I have already seen it Twice. It is so amazing visually, the story is a little weak, however it is there. I think that there could have been a few more plot points, but as it is it does work. I took my wife and her parents, they really enjoyed it as well. They said it was a different experience, and I think that is what Disney was trying to do, expand what they normally do. Go see and don't judge the story too hard, it is a unique story line. Look at Avatar, that story line has been used a ton of times, but it was successful. Just as Quto says "Open Your Mind."
Couldn't agree more, Jim. Having watched 'Legacy' in IMAX 3D on opening night and taken three days to fully compose my thoughts about it into order, I believe that Disney have taken a huge and yet very brave gamble here.
The original Tron is a defining point of my childhood, and I'm smack bang in the middle of the target demographic. Since being blown away by the first 'test' teaser trailer, I've spent months getting increasingly excited about the film, giving the Mouse plenty of pounds and dollars in exchange for blue neon products. 'Legacy' itself is far from perfect, as much as it pains me to admit, but it is still an incredbile experience. For me, it is less of a film and more of a sensory journey - much like a Disney thrill ride. It will divide audiences for it's lack of coherence and 'talky' sections, but personally I think this will live on - as the original did - in Blu-Ray and DVD sales.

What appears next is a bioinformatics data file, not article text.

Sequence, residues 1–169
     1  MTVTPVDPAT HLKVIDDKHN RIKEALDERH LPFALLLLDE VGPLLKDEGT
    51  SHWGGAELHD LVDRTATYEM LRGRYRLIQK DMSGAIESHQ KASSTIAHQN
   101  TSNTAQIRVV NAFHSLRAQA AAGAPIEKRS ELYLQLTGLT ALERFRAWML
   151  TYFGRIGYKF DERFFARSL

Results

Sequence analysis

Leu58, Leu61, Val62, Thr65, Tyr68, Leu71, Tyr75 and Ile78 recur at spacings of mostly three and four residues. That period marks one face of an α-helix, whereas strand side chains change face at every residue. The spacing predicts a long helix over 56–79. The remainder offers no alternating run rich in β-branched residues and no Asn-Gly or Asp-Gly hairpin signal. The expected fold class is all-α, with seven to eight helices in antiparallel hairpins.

I sincerely hope Disney greenlight the proposed sequel(s) - I'm in agreement with you that storylines branching out from this story can create a much more cohesive, broader world. The brief introduction of the son of a key character from the first film, played by a well regarded actor, surprised me, and hints at grander things to come.
Besides, Disney may well have covered themselves by creating enough income from excitement generated for 'Legacy' that any 'disappointment' from box office takings could be offset. As long as merchandise keeps coming out based on the Tron world, I'll keep giving the Mouse my hard earned cash!
Well about time you even mention Narnia. I know it's no longer a Disney film but still. Anyways, Prince Caspian opened to $55 million and that was seen as a disappointment, but the film had no legs and dropped off the radar fairly quickly because of competition.